Cons of Gas Furnaces

Here are a few of the major disadvantages that are typically associated with gas furnaces.

  • Furnaces cost more to install than heat pumps. If you don't already have gas lines built into your home, for example, to your gas stove for cooking, it becomes much more expensive to install a gas furnace. Getting gas lines put in is extremely expensive, and most homeowners find it out of their price range altogether if they don't already have the gas lines ready.
  • Furnaces can leave cold zones in your home. Since gas furnaces pump out heat at higher temperatures, it means your home can reach your ideal temperature almost too quickly. So, while some rooms in your home will be comfortable, many cold spots can still remain, which can be frustrating for homeowners. Additionally, the extremely hot air produced by your furnace can cause dry skin, especially in the winter.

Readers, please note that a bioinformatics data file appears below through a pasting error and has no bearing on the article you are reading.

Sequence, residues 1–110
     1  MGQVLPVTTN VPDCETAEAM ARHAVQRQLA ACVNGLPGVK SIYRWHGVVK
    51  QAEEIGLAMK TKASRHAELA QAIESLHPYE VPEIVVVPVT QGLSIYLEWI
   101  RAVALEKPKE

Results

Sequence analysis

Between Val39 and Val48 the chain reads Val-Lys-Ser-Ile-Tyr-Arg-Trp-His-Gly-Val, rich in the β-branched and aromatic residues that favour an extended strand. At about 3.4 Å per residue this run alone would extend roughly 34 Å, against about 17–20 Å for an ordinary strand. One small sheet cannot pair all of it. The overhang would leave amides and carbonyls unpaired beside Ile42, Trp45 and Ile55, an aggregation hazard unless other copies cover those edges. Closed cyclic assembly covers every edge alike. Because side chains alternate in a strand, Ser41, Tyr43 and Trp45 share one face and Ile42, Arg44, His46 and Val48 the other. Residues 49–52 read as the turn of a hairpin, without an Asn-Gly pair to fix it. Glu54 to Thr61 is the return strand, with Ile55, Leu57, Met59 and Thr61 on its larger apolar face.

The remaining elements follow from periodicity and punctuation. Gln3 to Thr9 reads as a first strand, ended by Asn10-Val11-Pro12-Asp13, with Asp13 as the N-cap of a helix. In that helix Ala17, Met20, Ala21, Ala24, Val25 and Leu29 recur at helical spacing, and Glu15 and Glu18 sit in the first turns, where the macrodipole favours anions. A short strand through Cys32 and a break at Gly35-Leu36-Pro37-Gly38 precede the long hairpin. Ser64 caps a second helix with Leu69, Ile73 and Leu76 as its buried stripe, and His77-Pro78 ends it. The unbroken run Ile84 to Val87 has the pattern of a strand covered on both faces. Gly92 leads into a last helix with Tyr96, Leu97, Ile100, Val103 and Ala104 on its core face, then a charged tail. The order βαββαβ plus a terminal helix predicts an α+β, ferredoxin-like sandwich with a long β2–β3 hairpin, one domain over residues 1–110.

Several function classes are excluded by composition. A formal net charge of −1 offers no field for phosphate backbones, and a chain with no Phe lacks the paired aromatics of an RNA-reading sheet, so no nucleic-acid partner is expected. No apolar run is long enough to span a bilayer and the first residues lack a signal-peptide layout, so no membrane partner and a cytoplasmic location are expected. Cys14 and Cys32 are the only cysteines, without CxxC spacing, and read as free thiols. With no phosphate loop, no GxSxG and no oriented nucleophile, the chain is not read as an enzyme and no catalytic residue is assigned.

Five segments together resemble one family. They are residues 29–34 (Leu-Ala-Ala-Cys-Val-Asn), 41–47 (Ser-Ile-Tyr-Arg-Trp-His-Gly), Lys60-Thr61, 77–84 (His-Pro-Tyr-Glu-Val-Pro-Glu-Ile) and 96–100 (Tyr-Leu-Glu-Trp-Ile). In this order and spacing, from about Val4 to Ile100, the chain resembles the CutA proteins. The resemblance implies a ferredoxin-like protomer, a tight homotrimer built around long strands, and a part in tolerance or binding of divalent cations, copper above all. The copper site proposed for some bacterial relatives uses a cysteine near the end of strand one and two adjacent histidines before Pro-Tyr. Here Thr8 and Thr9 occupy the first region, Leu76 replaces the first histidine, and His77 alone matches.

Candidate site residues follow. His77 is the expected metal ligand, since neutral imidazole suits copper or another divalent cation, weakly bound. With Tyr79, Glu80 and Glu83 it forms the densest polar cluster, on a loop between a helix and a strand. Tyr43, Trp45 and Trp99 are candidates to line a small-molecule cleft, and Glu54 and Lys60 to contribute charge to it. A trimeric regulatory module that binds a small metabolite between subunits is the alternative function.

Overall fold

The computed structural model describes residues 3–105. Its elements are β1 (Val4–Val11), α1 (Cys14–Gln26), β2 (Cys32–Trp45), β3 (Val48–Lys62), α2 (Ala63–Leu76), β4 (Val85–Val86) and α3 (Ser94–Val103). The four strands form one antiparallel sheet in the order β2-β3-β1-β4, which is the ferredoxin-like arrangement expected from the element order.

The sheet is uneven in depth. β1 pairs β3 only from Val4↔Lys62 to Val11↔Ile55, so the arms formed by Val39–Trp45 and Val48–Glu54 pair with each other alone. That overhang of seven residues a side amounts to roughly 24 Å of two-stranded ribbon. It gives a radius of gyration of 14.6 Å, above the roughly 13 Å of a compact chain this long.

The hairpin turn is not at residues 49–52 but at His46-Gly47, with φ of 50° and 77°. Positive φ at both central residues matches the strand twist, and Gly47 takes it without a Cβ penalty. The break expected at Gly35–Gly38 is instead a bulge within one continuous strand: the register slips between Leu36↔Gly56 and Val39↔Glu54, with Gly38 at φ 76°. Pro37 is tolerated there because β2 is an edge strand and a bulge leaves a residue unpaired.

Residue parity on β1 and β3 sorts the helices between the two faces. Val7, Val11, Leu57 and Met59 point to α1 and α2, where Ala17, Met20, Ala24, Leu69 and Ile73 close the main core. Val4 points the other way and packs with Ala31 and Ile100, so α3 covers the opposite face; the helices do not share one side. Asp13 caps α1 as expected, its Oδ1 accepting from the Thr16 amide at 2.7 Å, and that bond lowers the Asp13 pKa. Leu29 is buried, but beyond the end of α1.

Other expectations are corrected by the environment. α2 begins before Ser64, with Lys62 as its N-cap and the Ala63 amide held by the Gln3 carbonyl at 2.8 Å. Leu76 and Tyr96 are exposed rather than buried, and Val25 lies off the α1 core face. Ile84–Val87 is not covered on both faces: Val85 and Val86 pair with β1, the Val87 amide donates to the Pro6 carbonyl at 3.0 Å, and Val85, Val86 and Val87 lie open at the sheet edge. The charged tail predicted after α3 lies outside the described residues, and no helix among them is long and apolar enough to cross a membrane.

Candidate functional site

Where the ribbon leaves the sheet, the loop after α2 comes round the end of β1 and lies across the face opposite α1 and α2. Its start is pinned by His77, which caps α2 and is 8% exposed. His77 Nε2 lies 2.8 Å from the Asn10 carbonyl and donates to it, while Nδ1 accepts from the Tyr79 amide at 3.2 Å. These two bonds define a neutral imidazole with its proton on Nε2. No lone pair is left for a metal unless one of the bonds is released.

• Furnaces Produce Dangerous Carbon Monoxide. Because gas furnaces combust fuel, it means they produce Carbon Monoxide. If not installed properly, it can be a threat to your family and your pets. Furnaces require regular monitoring and inspection to ensure they are operating within safe parameters.

How does a Heat Pump work?

Alternatively, a heat pump works in a much different way from a gas furnace. It draws in heat from the outside and disperses that heat throughout your home. So, technically a heat pump doesn't create any heat; instead, it ingests heat through pressurized refrigerant lines and then disperses that heat into your home.

However, there are many options to choose from, and it will depend on your location and your specific needs. First, let's look at the three main types of heat pumps on the market today.

1. Air-to-Air